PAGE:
The Bookshelf, The Parlor, The Young Texas Reader, and the Monthly

The Texas Bookshelf is different from the The Texas Parlor, . The Texas Parlor carries "general" bookish information and non-book information and even different Texana news and notes of use to the bibliographically challenged and other nosey folks intersted in historical, literary, and cultural observations. Will's Texana Monthly may carry material from either blog, but extends itself beyond those, especially for longer compilations or treatments. The Monthly, the Bookshelf and the Parlor are all companions. So, is the Young Texas Reader which specialized on books and such things for the youngest to the teenagers.

Wednesday, July 30, 2008

A Few Good Horses - Pierce Burns

A Few Good Horses, by Pierce Burns. Austin: Gap Creek Press (12109 Shetland Chase, 78727), 2008. Well designed back hardback and excellent cover. ISBN 9780615164892. $24.95, 174 pp. Notes, index, many  photos.
Burns, who now lives in Austin and visits the ranch, offers more than a few good chapters on his family's heritage through smooth, readable prose, and the reader's sense of being there pervade the social life and customs of many folks, not just those in about Brown County and the Hill Country.
Although the recounting reaches back to the 1840's and forward to the 1940's, the best
and main focus is his life during the Teens, Twenties and Depression. He begins the tome as a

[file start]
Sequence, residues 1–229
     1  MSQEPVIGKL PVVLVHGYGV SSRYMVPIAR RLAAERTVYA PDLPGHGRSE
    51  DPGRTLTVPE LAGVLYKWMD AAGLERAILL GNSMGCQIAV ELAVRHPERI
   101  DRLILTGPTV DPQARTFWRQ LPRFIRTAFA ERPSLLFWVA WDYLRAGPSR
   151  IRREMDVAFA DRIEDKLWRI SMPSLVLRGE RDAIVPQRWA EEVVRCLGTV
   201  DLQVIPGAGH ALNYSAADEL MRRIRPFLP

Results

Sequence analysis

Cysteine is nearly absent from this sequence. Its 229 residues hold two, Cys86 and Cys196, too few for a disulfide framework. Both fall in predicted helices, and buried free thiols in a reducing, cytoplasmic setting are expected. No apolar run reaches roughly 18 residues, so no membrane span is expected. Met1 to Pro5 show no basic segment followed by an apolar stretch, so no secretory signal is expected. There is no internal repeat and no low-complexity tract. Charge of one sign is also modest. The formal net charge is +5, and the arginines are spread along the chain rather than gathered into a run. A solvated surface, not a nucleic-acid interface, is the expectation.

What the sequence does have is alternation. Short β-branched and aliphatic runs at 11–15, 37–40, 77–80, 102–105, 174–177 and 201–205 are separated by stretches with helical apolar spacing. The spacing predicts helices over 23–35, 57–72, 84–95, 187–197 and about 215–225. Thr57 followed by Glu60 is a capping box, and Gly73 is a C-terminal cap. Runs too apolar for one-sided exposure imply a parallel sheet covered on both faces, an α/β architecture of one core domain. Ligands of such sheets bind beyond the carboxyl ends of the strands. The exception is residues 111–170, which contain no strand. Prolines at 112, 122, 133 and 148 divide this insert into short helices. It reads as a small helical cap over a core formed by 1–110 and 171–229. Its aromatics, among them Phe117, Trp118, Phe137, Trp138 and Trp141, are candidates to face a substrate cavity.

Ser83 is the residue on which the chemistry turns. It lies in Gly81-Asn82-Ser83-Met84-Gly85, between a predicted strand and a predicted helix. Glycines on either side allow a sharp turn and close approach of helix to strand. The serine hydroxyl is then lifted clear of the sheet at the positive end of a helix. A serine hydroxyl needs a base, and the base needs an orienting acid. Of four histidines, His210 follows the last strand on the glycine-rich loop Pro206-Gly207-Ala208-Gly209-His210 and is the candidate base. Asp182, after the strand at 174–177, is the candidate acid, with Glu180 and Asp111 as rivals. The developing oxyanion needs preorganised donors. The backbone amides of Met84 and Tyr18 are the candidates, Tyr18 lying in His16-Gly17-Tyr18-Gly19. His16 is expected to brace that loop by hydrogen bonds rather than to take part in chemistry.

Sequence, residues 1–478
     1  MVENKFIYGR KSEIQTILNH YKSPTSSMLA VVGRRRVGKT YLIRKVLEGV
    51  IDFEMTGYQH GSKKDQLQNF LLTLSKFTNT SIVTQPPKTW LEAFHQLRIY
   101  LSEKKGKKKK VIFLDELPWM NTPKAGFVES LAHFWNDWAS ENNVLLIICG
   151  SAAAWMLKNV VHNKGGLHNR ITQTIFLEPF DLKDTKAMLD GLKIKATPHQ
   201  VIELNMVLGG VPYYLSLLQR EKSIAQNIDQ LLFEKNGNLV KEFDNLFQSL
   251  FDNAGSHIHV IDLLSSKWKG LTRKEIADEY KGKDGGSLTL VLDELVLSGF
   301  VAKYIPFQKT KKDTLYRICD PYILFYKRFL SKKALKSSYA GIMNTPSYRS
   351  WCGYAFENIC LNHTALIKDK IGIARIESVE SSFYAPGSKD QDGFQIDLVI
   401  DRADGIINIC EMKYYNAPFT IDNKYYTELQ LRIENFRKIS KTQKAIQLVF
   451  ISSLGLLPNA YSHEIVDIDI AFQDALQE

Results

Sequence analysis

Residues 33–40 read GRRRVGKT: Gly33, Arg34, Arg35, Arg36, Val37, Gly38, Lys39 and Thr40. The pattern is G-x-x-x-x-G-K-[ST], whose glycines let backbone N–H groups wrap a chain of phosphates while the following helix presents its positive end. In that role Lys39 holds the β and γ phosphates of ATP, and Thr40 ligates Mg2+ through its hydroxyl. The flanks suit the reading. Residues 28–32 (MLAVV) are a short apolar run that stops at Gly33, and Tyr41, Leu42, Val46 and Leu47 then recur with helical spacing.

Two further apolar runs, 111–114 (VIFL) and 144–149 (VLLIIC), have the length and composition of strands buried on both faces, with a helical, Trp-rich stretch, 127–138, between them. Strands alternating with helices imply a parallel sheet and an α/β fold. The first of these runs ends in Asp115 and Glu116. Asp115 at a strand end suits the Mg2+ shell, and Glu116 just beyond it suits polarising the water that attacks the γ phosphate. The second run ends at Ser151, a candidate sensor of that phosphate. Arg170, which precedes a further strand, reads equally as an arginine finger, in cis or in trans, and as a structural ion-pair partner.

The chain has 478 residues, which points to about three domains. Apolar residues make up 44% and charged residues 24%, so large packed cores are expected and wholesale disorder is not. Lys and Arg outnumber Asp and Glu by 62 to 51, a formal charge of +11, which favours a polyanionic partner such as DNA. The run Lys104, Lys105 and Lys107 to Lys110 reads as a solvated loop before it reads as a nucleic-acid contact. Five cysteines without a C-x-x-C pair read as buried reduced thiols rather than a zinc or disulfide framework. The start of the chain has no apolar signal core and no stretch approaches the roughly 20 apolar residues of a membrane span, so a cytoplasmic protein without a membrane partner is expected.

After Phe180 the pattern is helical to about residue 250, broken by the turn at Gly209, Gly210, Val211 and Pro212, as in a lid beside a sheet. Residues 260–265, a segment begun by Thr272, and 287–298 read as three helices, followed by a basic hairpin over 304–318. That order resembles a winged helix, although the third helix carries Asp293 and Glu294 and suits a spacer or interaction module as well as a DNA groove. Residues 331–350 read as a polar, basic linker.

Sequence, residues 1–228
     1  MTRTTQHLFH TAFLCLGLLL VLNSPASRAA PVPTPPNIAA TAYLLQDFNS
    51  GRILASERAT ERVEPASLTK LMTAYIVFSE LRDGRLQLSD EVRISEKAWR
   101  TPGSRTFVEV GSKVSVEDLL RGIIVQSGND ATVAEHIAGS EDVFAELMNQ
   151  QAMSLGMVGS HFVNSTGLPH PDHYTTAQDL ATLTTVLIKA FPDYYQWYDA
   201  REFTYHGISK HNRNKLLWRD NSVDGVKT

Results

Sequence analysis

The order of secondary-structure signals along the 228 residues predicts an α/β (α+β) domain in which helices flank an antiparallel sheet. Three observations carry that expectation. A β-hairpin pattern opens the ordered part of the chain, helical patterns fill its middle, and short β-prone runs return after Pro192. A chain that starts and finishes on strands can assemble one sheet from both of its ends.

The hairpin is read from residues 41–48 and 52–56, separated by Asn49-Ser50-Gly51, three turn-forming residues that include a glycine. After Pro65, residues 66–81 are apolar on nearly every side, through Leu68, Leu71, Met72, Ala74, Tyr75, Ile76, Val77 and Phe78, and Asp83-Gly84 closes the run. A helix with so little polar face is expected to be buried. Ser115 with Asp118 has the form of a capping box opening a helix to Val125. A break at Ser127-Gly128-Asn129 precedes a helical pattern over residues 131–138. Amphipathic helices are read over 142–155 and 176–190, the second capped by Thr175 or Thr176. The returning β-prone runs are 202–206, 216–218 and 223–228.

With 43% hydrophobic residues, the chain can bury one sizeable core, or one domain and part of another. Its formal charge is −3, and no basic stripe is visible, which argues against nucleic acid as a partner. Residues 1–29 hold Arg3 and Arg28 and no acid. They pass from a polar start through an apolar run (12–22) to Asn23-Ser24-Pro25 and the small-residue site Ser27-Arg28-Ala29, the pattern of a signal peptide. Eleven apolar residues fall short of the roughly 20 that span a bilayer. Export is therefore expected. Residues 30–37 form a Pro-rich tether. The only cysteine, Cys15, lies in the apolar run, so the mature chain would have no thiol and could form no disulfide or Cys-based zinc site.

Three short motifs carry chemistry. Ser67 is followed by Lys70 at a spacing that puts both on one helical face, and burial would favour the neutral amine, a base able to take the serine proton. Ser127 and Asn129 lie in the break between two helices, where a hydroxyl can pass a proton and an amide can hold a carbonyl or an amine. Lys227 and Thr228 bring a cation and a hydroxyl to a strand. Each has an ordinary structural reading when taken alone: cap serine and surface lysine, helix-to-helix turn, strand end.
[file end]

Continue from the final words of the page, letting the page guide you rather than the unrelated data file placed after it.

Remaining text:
five-year-old boy, Christmas 1939, in the presence of "heroes, giants, and saints" at his
grandfather's knee. And there're blue northers, a secret marriage ("We gotta tell Daddy we're
married. We can't go on like this"), careful food calculating (people and livestock), circuses in
Brownwood, swimming in the mountain creek, the school bus incident, Sunday Best, building
the fence ("Needs to go another six inches"), and Papa and Uncle Billy's building of the ranch
and distant expeditions despite hard times. It was a time of Tall women, going about birthing,
clothing, rounding up cattle and sheep. By the way, they did find the lump of silver left after the
grandparents' house burned.
The chapter, "Killing Hogs and Canning Food," takes me back to my father's killing
chickens and my mother's preserving figs. The grace and precision of the descriptions there, and
throughout the volume, suggest the author's keen memory and technical bend (he holds patents).
And the volume is patently good. It touches the heart, mind, and a documentary
testament to real life.
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